EXERCISE VS. SPORT: What is the difference and why does it matter?

Exercise and sport are not the same thing. 
Exercise is designed to improve our physiology (not to degrade it). Exercise is a means to an end. 
Sport, on the other hand is not designed to improve our physiology. Sport is an end in itself. 
Clearly, many sports may positively impact our physiology; for example, playing basketball can stimulate improvements to our cardiorespiratory fitness. However, this is not the intent of basketball, it is merely a byproduct (and not always the byproduct). The intensity, duration, rest periods, and frequency of the game play would have to be carefully modulated in order to truly define basketball as exercise. Moreover, the risk of injury in basketball is far too high to qualify as exercise. If you get injured while doing an activity, that activity is not exercise. Again, exercise doesn’t degrade, it improves our physiology and physical function. Tom Purvis brilliantly captures this message stating, “If exercise is supposed to be good for you,  then sports are not exercise.  Sports are the reason we have sports medicine.   Exercise is supposed to be the medicine!”  
Over the last 20 years, more and more people are engaged in sports in the name of exercise; a short list of these  sports  includes marathon running, triathlons, basketball, Crossfit, dancing, and gymnastics. By all means, engage in sports because you enjoy them as recreation, but don’t do them as a substitute for exercise. In fact, continuing to perform safe, productive, resistance exercise is a great way to protect against the risk of injury inherent in so many sports. 

First, Do No Harm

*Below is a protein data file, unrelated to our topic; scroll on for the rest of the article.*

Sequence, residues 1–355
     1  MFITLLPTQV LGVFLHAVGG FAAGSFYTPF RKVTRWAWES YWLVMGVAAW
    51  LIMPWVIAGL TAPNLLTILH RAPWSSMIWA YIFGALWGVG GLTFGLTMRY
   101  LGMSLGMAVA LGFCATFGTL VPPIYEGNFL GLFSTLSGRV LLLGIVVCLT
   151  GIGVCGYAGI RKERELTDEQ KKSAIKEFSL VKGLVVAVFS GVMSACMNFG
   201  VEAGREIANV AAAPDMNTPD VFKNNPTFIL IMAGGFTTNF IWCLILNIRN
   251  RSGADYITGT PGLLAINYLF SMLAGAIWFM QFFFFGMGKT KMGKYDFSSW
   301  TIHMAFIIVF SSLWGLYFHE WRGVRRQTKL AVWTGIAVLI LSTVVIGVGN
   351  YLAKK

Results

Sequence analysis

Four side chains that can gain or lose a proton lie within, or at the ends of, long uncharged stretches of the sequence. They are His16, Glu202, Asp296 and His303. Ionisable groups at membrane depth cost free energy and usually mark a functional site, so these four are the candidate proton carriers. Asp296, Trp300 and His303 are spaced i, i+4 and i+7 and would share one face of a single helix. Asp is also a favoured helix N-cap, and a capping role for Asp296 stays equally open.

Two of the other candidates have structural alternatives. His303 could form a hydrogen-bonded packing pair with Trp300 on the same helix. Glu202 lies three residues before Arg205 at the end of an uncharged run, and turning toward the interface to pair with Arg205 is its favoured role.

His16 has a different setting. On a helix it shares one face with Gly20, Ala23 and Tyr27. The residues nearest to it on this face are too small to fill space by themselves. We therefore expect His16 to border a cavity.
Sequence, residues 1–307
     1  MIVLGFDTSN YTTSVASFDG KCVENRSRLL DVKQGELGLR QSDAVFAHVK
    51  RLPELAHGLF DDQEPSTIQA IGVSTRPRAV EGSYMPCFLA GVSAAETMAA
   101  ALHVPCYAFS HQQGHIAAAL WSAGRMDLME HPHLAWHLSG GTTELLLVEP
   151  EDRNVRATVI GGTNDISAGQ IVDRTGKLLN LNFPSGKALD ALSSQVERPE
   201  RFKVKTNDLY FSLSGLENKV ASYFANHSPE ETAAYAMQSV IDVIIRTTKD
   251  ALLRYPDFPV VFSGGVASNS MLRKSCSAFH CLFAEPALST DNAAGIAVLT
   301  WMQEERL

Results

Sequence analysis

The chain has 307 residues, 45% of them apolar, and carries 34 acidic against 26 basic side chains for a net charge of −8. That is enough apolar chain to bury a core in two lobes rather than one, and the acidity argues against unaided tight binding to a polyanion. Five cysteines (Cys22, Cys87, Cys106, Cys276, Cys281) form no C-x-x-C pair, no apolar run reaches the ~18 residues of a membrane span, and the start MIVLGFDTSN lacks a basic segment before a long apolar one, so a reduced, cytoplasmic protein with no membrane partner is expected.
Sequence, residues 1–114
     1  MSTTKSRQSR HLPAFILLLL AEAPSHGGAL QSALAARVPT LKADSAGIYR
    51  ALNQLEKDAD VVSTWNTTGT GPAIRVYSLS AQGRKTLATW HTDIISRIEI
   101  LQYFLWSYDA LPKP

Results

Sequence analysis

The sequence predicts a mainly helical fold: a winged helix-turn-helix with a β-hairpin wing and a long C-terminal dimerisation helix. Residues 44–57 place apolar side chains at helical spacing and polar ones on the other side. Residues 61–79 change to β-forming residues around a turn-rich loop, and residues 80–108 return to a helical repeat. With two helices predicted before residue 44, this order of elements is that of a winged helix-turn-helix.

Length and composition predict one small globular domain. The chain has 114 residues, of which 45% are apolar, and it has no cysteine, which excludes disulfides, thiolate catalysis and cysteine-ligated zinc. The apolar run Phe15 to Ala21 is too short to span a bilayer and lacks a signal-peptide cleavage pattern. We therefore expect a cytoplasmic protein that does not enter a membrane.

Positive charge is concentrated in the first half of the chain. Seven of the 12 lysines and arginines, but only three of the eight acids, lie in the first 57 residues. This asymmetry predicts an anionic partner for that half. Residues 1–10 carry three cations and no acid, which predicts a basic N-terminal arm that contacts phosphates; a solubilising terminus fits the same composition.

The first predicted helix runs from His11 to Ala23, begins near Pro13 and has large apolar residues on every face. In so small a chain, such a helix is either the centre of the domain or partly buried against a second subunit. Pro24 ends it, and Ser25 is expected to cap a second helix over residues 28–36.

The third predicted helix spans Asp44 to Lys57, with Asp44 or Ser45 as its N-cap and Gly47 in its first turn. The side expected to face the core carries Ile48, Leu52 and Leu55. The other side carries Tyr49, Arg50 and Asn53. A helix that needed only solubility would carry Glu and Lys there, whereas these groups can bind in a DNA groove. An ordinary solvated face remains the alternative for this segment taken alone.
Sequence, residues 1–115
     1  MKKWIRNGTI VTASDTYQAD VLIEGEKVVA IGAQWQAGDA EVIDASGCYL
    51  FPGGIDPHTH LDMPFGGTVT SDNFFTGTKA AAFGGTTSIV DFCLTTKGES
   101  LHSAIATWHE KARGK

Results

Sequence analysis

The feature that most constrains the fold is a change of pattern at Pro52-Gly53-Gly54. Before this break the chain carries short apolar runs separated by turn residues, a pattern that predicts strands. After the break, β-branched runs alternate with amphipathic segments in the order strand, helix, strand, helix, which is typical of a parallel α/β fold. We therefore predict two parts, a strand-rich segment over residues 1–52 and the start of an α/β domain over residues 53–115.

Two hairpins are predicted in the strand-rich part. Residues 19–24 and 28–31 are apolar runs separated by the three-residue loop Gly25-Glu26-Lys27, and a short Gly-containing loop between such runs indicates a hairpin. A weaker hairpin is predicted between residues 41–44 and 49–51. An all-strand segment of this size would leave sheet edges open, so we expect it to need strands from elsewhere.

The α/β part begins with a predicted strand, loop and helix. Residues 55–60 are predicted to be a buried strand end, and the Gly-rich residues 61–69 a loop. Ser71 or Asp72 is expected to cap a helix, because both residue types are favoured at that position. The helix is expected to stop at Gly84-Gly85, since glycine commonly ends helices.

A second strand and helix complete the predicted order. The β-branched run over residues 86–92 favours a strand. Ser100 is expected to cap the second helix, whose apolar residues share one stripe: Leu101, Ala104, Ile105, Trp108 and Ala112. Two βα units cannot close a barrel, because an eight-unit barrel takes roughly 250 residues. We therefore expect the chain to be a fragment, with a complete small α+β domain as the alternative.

The Hippocratic Oath is credited to the ancient Greek physician and philosopher, Hippocrates.  Taken by physicians and healthcare professionals, the most well known tenet is translated as “First, do no harm.”  This is a fantastic starting point when considering an exercise program.  I had the fortune of being taught this lesson by a mentor and leader in the field of exercise science and strength and conditioning, Mark Asanovich.  Mark was the long time strength and conditioning coach for the Tampa Bay Buccaneers under head coach Tony Dungy and went on to spend a number of seasons as the strength and conditioning coach for the Jacksonville Jaguars (Mark had coaching stints with the Vikings, Bucs, Ravens, and Jaguars).  Mark was presenting at a strength and conditioning conference in Ohio in 2002.  His presentation was confrontational and not well received by the audience (if I recall, one attendee wanted to fist-fight with him following the presentation).  Why?  Because Mark questioned the popular practices and trends (Olympic weightlifting, fast speeds of movement, plyometric training) in strength training and called them out as… “Dangerous.”  His message was simple.  Our (the strength and fitness professional) role as an allied health professional is to “first, do no harm.”  Our first priority in an exercise program should be safety.  This really shouldn’t be a controversial topic.  After all, by definition, exercise should improve physical function (not decrease it).  Arthur Jones put it succinctly: “Exercise should help to avoid injury...not cause injury.”  If it doesn’t improve our function and in fact has a negative impact on our health or function, it really isn’t exercise (it is probably better classified as sport or physical activity… very different than exercise).  Mark was very clear, if an exercise carries with it a potential for acute or chronic injury, it shouldn’t be performed.  This message resonated with me in 2002.  Today, Mark’s message is more important (and less accepted) than ever.  A review of current exercise practices, trends, classes, and methodologies reveals that the vast majority of what passes as exercise (particular resistance exercise) is in fact, about as dangerous as it gets.  

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